The world has transitioned a lot of areas of life into a somewhat online form, and art has not been left out. With new software and technology, digital art is becoming more and more popular.
Eastern Michigan University student Sharelle Krisel is an artist with a love for creating cartoon-style pieces. In the future, she hopes to be an animator or children's book illustrator, and someday come out with her own graphic novel.
Krisel is from the Ypsilanti area and is currently a junior at EMU pursuing a Bachelor of Fine Arts.
Since preschool, art was a huge interest to Krisel, but she decided more recently that she would like to be an animator. While she sometimes does portraits and abstract work for art classes, she mostly works on cartoon characters, using a variety of mediums.
"Right now I'm using Copic markers, which is like alcohol-based markers, which are really expensive, like $8 a marker," Krisel said. "Sometimes I'll do a little bit of painting with acrylics or even gouache but mainly just markers and colored pencils."
In one of her drawings, Krisel shows two little girls playing with LEGOs, inspired by a photograph of her sister and cousin.
The piece of hers is one of many that demonstrates the joy of the Black experience.
"When it comes to representation, I think that it is really important," Krisel said. "Although there's a lot of Black artists out there, everybody has their own individual experience, so I think it's important to have a theme throughout your art."
Krisel does a lot of her work that focuses on the Black experience, mostly centered around normal day-to-day situations.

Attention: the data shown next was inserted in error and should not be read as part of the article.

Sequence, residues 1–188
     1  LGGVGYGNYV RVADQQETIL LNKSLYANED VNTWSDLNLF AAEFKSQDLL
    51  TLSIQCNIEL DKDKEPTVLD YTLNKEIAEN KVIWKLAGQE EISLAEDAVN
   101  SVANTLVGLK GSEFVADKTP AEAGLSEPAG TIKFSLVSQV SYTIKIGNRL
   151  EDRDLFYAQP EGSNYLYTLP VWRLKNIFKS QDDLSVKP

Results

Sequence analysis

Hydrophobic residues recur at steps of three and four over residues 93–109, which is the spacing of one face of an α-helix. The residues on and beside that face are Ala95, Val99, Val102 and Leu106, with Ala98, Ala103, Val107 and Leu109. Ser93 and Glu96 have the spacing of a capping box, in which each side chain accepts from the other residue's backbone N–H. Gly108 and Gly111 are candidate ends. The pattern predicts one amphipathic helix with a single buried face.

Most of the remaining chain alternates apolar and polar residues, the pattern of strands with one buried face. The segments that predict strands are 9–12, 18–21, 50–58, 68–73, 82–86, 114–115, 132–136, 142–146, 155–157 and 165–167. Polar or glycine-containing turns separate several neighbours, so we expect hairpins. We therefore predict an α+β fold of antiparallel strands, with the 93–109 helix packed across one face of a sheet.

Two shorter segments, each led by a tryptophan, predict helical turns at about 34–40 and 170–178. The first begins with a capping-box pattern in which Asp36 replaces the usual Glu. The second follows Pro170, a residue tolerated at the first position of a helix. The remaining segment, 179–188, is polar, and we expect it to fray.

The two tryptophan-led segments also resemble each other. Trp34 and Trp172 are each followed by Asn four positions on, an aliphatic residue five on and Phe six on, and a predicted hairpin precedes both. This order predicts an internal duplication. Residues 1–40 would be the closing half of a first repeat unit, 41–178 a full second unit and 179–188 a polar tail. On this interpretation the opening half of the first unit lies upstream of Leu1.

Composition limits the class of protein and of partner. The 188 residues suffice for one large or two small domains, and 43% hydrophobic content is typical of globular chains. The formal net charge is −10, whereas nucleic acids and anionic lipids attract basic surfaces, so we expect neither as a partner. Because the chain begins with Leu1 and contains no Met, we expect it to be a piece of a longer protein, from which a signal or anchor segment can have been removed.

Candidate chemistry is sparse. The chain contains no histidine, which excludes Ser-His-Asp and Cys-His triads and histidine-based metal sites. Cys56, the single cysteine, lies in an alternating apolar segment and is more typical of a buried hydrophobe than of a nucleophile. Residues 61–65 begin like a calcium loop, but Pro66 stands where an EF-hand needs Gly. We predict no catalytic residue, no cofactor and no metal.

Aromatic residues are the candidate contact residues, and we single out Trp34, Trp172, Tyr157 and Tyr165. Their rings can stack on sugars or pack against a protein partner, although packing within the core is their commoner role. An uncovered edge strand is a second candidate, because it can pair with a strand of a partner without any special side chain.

"I know a lot of people there's like, you know, abstract artists and stuff, the theme might be political," she said. "Mine is more just about I don't know, like fun topics like oh, you know, growing up through puberty or something like that."
Some of her work though is more abstract, at least when it comes to classroom projects that force her to get out of her comfort zone.
One piece she did a few weeks ago was meant to test out different materials, something she wanted to look like a dream sequence but more abstract.
While Krisel has had a lot of growth with her work overall, she is mostly focused on developing her usual style and becoming more versatile.
"Usually, when I'm not in art class, I'm working on a script and stuff for my comic book," she said.
Krisel enjoys the art program at EMU because she feels like there is a sense of community with more resources than her previous college.
"The last school I went to really wasn't a lot of opportunities for artists so that's why I came here. Once I started, I would say Amy's class, that's when I started to feel more of a community like oh, everybody is so diverse in their art and they're encouraging," Krisel said.
While she does do physical art, Krisel mainly enjoys working digitally, creating characters and replicating scenes from around her neighborhood.
"As far as what I want people to get from it, is just like a sense of nostalgia really. The storytelling aspect of it, like when they look at it, I want it to feel like oh, this feels familiar," Krisel said.
A lot of Krisel's digital art can be viewed on Instagram @skarellesart.
Some of her other favorite digital pieces are below.
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